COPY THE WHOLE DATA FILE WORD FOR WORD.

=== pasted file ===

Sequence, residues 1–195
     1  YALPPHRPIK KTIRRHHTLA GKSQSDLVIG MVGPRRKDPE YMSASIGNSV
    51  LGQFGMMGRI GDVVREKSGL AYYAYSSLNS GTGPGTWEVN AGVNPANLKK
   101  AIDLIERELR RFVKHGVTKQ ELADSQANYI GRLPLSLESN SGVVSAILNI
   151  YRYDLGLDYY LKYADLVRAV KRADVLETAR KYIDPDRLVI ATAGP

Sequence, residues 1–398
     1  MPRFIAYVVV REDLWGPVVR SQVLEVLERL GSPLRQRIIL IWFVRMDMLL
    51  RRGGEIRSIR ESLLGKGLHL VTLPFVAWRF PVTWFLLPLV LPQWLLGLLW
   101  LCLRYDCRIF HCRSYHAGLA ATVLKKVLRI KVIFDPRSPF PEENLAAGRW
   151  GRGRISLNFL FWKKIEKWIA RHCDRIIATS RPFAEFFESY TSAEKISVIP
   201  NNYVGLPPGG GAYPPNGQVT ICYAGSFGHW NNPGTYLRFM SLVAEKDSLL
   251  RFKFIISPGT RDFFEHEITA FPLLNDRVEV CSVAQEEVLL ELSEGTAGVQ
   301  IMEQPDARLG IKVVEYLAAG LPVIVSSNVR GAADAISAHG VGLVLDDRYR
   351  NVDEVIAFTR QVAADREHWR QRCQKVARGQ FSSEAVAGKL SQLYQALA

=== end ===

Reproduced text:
Sequence, residues 1–195
     1  YALPPHRPIK KTIRRHHTLA GKSQSDLVIG MVGPRRKDPE YMSASIGNSV
    51  LGQFGMMGRI GDVVREKSGL AYYAYSSLNS GTGPGTWEVN AGVNPANLKK
   101  AIDLIERELR RFVKHGVTKQ ELADSQANYI GRLPLSLESN SGVVSAILNI
   151  YRYDLGLDYY LKYADLVRAV KRADVLETAR KYIDPDRLVI ATAGP

Sequence, residues 1–398
     1  MPRFIAYVVV REDLWGPVVR SQVLEVLERL GSPLRQRIIL IWFVRMDMLL
    51  RRGGEIRSIR ESLLGKGLHL VTLPFVAWRF PVTWFLLPLV LPQWLLGLLW
   101  LCLRYDCRIF HCRSYHAGLA ATVLKKVLRI KVIFDPRSPF PEENLAAGRW
   151  GRGRISLNFL FWKKIEKWIA RHCDRIIATS RPFAEFFESY TSAEKISVIP
   201  NNYVGLPPGG GAYPPNGQVT ICYAGSFGHW NNPGTYLRFM SLVAEKDSLL
   251  RFKFIISPGT RDFFEHEITA FPLLNDRVEV CSVAQEEVLL ELSEGTAGVQ
   301  IMEQPDARLG IKVVEYLAAG LPVIVSSNVR GAADAISAHG VGLVLDDRYR
   351  NVDEVIAFTR QVAADREHWR QRCQKVARGQ FSSEAVAGKL SQLYQALA